The court checks for evidence of negligence, whenever someone tries to file a complaint, regarding a personal injury. The filing of a complaint could allow pursuit of a lawsuit, if the court accepts the filed document. Yet the court does not guarantee the strengthening of any claim that it has accepted. The plaintiff and lawyer have to work to make that claim as strong as possible.
Proper care for evidence
Preservation of the evidence is essential. Claimants find that preservation of physical evidence requires the acquisition of storage space. A retained lawyer might be able to create storage space in his or her office.
Have the victims suffered any permanent consequences?
Did a model suffer a scar on her face? That could affect her ability to get a modeling position. As a result, the model’s lawyer should plan on pointing to the existence of such damages.
Has the issue of fault been resolved?
Maybe the insurance company has alleged that the victim is partly to blame for the accident, or for the severe nature of the accident-linked injury. A claimant cannot fight such an allegation without learning more about the basis for the company’s allegation. An attorney would know how to go after that detailed information.
Were there any witnesses?
A statement from a witness can work to influence the thinking of a juror. A personal injury lawyer would know how to make optimal use of the facts obtained by interviewing a witness. Personal Injury Lawyers in Georgetown understand how to obtain a signed, written statement from someone that witnessed the injury-causing accident.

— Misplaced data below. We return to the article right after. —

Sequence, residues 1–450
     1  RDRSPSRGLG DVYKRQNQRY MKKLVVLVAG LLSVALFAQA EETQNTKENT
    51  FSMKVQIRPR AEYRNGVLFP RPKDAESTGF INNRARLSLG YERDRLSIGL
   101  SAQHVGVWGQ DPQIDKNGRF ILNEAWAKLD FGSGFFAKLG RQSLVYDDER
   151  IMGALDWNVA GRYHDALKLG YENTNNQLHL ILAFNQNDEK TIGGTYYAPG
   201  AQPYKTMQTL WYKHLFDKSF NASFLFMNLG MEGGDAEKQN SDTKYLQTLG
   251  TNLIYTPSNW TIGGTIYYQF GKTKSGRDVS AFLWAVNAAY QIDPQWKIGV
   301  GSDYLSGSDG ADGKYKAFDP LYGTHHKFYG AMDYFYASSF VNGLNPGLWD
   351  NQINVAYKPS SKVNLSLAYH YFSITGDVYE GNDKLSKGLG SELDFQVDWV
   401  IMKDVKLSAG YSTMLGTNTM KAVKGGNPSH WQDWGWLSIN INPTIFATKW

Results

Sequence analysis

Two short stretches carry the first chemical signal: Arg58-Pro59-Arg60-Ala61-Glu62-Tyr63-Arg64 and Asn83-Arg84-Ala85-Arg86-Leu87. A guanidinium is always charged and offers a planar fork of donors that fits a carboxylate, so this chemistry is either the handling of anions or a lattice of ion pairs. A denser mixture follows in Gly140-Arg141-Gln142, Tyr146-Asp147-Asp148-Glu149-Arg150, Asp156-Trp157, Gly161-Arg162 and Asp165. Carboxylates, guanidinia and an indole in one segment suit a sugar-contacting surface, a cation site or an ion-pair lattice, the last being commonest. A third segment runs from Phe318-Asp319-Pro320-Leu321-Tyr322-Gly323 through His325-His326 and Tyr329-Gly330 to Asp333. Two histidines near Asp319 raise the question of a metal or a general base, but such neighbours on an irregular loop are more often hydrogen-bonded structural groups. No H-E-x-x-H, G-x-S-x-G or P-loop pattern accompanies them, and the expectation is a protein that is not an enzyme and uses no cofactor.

What events might be mentioned in the victim’s medical history?
Did he or she suffer another injury, as the result of an earlier accident?
Was the victim living with a pre-existing condition?
According to the law, neither of those situations should provide the defendant’s attorney with a reason for casting suspicion on the veracity of the victim’s complaint. Still, a good personal injury lawyer would understand how to remove any hint of suspicion from the eyes of the jury.
Depending on the nature of the victim’s pre-existing injury, the adjuster might allege that the claimant/victim should have been wearing some sort of special protection. A good lawyer should be able to consult with a medical expert, in order to see if a medical specialist would have suggested the utilization of such a device.
The consulted specialist would be able to share his or her familiarity with the device that the adjuster had mentioned. If specialists were not familiar with such an item, then how would any non-professional person know when to use it, or where to buy it?
So, a good attorney could weaken the defense team’s argument.